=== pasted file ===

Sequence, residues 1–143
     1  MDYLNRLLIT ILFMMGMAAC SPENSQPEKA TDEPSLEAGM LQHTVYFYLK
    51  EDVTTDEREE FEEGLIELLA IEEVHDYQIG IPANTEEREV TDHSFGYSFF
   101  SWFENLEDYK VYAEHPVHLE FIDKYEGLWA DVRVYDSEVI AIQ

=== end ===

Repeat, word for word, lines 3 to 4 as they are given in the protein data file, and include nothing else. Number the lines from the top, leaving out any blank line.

    51  EDVTTDEREE FEEGLIELLA IEEVHDYQIG IPANTEEREV TDHSFGYSFF
   101  SWFENLEDYK VYAEHPVHLE FIDKYEGLWA DVRVYDSEVI AIQ